“I built it in such a way that it is profitable. It’s not a money-making tycoon business,” she said. “I’ve been purposely setting the rent low and have been criticized for not charging more and paying myself.”
While asking for under-market rents may seem counter to a typical business approach, Cassimatis is a devotee of the B Corp business model, through which company profits are reinvested into community benefits. This philosophy fits closely with her Antioch degree and that of her part-time employer, W.S. Badger, a certified B Corporation, where she works in large-order fulfillment.
“B Corp is in my DNA,” she said.
In a 2019 story in The Sentinel, Cassimatis described the 17ROX studio experience as one that has been equal parts collaborative and innovative for her tenants.
“What was unexpected is that everyone is taking their own responsibility for their own little studio,” she told a Sentinel reporter. “They’re doing things without me knowing, and that’s great. I don’t even know what’s going on or what to expect when I come in.”
Prior to the COVID-19 pandemic, 17ROX artists had been providing community art courses, including eight-week Drawing 101, Painting 101 and Youth Drawing 101 offerings.
“The classes provided another revenue stream for the artists where one didn’t exist, and essentially created a job where one once was not,” she said. “These artists were able to take home 100 percent of the proceeds.”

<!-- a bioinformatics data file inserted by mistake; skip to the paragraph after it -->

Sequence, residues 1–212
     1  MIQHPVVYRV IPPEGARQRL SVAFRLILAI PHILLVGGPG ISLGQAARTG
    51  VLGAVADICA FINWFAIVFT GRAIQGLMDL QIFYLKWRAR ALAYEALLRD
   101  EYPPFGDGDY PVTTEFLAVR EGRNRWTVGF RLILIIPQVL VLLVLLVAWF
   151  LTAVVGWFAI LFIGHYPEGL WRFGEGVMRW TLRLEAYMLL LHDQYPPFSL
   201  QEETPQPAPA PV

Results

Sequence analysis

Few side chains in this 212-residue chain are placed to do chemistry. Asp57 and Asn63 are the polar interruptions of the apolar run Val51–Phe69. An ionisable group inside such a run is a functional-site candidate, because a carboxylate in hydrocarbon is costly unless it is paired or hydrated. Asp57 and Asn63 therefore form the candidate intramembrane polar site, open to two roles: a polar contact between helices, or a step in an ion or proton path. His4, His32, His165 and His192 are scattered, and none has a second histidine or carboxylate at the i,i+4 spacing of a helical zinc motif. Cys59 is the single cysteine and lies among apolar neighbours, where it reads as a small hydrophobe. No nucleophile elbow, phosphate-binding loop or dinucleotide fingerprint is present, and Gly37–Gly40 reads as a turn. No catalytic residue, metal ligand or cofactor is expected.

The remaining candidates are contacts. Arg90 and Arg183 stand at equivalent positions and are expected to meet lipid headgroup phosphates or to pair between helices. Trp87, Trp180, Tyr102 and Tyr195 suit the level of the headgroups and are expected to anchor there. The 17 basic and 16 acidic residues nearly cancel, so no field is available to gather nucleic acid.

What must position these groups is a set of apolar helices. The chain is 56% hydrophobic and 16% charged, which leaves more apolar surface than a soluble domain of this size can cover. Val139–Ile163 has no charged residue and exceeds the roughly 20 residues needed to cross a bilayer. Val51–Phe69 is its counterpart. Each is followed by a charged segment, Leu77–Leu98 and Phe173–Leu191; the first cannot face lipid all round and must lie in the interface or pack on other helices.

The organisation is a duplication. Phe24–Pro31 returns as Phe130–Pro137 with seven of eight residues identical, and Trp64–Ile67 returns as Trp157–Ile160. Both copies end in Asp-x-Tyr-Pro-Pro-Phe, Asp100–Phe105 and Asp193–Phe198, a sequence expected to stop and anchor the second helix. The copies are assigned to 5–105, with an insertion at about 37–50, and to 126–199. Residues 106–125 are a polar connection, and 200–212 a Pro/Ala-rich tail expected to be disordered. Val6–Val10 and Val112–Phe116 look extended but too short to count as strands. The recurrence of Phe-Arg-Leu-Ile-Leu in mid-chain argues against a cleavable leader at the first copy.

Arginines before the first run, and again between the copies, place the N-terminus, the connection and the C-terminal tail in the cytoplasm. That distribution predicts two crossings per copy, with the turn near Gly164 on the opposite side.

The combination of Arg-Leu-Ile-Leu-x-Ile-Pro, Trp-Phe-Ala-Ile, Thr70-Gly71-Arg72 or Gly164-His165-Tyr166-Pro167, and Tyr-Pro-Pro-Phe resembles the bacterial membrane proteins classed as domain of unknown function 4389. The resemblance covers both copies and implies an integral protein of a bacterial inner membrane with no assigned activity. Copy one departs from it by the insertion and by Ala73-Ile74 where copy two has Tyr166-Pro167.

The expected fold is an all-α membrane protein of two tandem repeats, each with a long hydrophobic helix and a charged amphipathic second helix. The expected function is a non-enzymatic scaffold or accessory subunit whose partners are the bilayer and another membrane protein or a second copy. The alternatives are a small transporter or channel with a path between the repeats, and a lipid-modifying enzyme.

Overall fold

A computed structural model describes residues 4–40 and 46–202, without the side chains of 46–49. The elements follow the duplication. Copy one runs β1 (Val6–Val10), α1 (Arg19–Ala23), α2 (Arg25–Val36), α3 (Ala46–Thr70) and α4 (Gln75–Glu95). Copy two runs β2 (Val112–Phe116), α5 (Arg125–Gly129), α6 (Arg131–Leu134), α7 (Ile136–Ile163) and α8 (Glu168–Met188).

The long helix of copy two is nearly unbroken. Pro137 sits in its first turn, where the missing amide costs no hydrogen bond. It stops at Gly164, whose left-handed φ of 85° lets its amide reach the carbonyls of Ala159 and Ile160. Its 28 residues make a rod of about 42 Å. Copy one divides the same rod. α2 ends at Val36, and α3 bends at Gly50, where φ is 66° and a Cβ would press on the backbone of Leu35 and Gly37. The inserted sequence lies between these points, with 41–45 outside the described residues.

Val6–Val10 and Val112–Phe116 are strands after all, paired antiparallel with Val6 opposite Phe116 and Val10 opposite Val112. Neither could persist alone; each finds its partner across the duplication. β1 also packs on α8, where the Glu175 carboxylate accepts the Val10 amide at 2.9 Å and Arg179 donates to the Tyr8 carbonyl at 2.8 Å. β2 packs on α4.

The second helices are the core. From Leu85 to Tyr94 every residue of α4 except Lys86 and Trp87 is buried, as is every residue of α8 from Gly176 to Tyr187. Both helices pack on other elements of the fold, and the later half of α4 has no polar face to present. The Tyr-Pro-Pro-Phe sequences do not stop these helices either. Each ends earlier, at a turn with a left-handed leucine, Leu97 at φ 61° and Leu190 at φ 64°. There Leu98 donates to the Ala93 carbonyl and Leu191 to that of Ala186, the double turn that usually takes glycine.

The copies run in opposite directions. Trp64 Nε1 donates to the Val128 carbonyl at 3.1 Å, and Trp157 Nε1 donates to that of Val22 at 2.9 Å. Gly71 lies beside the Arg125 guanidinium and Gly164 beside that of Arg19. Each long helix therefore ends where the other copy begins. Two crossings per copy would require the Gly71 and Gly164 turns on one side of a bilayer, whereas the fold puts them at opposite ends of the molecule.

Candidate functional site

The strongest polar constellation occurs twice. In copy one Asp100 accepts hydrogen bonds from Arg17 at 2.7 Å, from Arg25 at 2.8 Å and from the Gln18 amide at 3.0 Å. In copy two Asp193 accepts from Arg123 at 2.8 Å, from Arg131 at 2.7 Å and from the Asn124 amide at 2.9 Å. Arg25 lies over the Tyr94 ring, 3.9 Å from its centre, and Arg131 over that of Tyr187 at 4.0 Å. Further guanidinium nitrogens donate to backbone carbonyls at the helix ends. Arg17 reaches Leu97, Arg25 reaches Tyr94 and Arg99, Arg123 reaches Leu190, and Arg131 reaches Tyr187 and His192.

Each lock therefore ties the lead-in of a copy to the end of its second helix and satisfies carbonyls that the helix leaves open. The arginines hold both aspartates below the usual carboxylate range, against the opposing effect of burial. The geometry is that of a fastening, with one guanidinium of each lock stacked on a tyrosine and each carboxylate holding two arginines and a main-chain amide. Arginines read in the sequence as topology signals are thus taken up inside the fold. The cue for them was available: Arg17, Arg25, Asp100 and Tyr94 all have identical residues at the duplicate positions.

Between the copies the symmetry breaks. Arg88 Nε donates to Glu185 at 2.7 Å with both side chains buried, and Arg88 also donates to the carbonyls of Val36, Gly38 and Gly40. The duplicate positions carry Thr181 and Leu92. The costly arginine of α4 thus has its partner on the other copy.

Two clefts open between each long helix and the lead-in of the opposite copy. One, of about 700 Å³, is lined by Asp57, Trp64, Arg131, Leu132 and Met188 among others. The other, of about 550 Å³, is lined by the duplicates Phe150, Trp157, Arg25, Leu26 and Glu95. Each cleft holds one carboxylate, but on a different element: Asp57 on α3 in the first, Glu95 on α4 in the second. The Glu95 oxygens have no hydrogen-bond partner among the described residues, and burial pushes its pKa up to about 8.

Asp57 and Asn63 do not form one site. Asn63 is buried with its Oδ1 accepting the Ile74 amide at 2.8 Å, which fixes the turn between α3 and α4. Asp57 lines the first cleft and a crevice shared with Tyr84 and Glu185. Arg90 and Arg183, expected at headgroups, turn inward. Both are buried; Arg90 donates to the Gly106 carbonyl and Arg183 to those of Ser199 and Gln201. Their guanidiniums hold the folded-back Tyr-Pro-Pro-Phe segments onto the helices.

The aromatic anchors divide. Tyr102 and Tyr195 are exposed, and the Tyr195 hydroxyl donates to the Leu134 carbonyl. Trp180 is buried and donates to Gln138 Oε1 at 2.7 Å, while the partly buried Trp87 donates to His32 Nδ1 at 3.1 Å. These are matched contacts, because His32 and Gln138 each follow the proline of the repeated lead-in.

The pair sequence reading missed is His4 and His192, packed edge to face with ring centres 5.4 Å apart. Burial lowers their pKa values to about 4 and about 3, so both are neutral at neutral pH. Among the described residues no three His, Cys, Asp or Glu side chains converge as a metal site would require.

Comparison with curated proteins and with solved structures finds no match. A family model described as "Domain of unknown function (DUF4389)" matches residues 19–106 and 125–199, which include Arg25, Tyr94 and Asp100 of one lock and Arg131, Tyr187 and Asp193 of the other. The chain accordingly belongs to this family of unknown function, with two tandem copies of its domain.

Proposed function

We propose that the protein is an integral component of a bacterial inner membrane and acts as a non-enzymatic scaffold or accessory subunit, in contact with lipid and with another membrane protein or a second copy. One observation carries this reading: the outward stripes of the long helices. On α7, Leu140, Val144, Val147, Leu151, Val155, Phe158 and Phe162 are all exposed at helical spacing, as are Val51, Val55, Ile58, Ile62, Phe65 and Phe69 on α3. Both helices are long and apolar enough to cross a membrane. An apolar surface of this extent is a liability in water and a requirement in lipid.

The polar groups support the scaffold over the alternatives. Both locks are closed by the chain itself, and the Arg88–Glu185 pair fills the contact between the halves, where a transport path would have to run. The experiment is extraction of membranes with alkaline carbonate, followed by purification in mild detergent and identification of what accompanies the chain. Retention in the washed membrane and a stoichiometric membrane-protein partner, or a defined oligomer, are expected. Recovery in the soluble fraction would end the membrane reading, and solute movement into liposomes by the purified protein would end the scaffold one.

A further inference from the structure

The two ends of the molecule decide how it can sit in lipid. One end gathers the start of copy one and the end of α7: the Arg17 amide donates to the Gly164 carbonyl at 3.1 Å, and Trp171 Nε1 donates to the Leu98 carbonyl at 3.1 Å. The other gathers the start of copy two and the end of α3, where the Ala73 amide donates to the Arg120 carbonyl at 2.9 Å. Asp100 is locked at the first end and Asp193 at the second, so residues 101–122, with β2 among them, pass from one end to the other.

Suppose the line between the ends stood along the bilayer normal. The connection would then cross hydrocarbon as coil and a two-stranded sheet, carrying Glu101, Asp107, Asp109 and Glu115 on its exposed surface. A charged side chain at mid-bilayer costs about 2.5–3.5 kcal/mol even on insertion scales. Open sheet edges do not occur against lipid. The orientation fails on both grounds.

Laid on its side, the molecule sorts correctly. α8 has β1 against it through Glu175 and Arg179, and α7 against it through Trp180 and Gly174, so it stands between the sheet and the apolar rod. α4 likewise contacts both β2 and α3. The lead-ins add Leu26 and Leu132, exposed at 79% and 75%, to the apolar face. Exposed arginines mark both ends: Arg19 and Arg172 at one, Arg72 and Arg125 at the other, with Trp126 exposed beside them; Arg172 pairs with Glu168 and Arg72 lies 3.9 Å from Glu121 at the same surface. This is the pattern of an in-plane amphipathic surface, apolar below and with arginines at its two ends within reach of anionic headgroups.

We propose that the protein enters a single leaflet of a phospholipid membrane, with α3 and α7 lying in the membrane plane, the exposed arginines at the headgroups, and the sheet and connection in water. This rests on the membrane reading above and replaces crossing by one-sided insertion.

She added, “We are hoping to get our teachers teaching again as soon as it is safe and everyone is comfortable. Online is just not feasible at this time. Everyone is looking forward to the time when we can meet in a six-foot-apart group in the future.”
This “build it and they will come” philosophy seems to be a core principle for Cassimatis, whose devotion to public art is demonstratively changing the cityscape in Keene. The success of the Walldogs project, termed the Magical History Tour, last June is perhaps the most visible example. Walldog muralists from around the world converge on communities each year to paint on building facades, depicting the histories of those towns and cities. Keene landed the Walldogs in 2019 (no simple task), and the resulting work adorning 16 buildings is an audacious collection of art for the public to appreciate.